Header Image

Navigation images

Day 285: Mini Lion of Belfort

Another monument at public square for you today – it’s a miniature of the Lion of Belfort. It sits rather prominently at Place Denfert-Rochereau, with plenty of after office vehicles zooming around in their rush to get home, or make it for dinner appointments, or whats not. At the same time, there was a vanful of police next to me so I just made a quick job of photographing this and left.

The Lion of Belfort was sculpted in celebration of France’s resistance during the siege of Belfort, led by none others than Colonel Denfert-Rochereau. Given this square in the 14th arrondissement is already name after the colonel, why not place a miniature of the famous lion that commemorates the effort at the square, right?

Day 279: Across the river

I’m beginning to believe that if you throw a coin at something in Paris, you’ll probably hit a landmark of some sort. Some more famous than the others, of course, but sometimes, even what seems to be something nondescript, could well bear a sign to tell you that someone famous used to live or do-such-and-such here.

Standing along Quai François Mitterrand and looking over the River Seine, on a large scale, it’s easy enough to spot Square du Vert-Galant, Pont Neuf, statue of King Henri IV (of France) and the dome of the Panthéon. With a navette throw in there for good measure. Could be nice with some blue sky over it though, don’t you think? Pretty please, I’d like the grey days to be over.

Day 257: Tsunami Honganji Vihara

We continued our journey towards Colombo, the last leg of the tour from Galle to Colombo. En route, we passed by Peraliya Village where a tall, 54 feet Buddha statue has been erected in memory of the victims of the 2004 Indian Ocean Tsumani, with funding assistance from Honganji Temple of Japan. An estimated 2,000 or so villagers and train passengers of Samudra Devi, that happened to be halted neat the village as water surged, perished that day.

Tsunami Honganji Vihara is built based on the Bamiyan Buddha statues of Afghanistan, which were destroyed about a decade ago by the Talibans. Today, it stands facing the sea that is a mere couple of hundred meters away, on a platform guarded by lions on all corners, surrounded by a pond, and linked to the land by a small bridge. The breezy September wind sent the coconut leaves fluttering lightly against the blue sky, revealing little of the destruction of the past, until one casts his/her eyes to the surrounding and found crumbling huts and houses that have since laid uninhabited.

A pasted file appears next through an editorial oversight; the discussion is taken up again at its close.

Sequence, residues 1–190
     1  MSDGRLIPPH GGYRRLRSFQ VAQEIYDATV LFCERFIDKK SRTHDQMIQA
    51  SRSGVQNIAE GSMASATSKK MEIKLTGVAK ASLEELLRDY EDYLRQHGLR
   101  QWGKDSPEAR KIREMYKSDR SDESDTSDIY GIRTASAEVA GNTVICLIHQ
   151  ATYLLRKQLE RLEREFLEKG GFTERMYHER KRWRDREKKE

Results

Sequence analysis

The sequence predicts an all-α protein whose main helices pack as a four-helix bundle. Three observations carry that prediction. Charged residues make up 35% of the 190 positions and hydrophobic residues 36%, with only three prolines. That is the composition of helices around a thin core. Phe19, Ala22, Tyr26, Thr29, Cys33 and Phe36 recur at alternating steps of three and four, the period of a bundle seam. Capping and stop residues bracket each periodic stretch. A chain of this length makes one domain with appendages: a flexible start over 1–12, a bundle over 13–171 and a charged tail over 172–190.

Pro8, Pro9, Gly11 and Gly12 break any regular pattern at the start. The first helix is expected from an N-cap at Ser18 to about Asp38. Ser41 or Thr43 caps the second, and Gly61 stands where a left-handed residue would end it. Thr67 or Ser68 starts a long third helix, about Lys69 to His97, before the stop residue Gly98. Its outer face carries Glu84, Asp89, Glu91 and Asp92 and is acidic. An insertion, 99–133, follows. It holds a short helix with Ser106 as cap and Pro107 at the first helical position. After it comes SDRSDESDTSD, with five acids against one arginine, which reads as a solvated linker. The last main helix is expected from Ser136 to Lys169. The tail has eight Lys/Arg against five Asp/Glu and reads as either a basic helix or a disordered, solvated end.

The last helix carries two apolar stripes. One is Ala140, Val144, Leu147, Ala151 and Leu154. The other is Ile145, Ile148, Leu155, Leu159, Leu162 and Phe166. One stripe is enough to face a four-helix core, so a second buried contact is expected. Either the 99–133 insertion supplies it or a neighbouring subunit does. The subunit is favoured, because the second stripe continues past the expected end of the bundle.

Day 145: Guarding over Paris

Sainte Geneviève is the patron saint of Paris and standing really really tall on Pont de la Tournelle over River Seine is a statue of this wise and brave woman (who was said to have saved Paris from the plunders of Attila the Hun and performed numerous other miracles for the people of Paris), protecting the young Paris (depicted as a young girl here – holding a ship used by the Parisii tribe?) from all that sought to cause her harm.

This iconography is similar to the stained window of Église St-Pierre de Montmartre (photo on Flickr) which would quite ambiguously tells you it is Paris that Sainte Geneviève is looking out for. In this creation, Paris is holding Notre Dame Cathedral in her hands. Of course, note that Notre Dame wasn’t built until several decades following the death (and canonisation) of Sainte Geneviève, the representation at Pont de la Tournelle would probably be a more accurate depiction. But, what do I know? I am no historian.

Day 143: Museum of a museum

Gustav III Museum of Antiquities is a rather peculiar museum. It is a museum of a museum, that is, it is a museum recreated based on the museum which used to be housed at the Royal Palace. For a period of time, these pieces were moved to National Museum. They were subsequently restored at the Palace once again, and reopened as Museum of Antiquities. Therefore, this is a museum honouring what was one of the oldest European museums.

The museum is not particularly big, consisting of only two galleries. The bigger one containing a number of key statues, including Apollo and his nine muses, and Endymion, while the narrower gallery is used to mostly display busts of men of fame in the past. What’s quite amusing was listening to the guide explaining how rogue merchants of the past classified something as an object of antiquities from Roman civilisation. Apparently, as long as there’s at least 30% of original parts to the work, it was considered antiquities. And missing parts (limbs, attributes) can subsequently be replaced by, say, reconstructive sculpting works. Intriguing.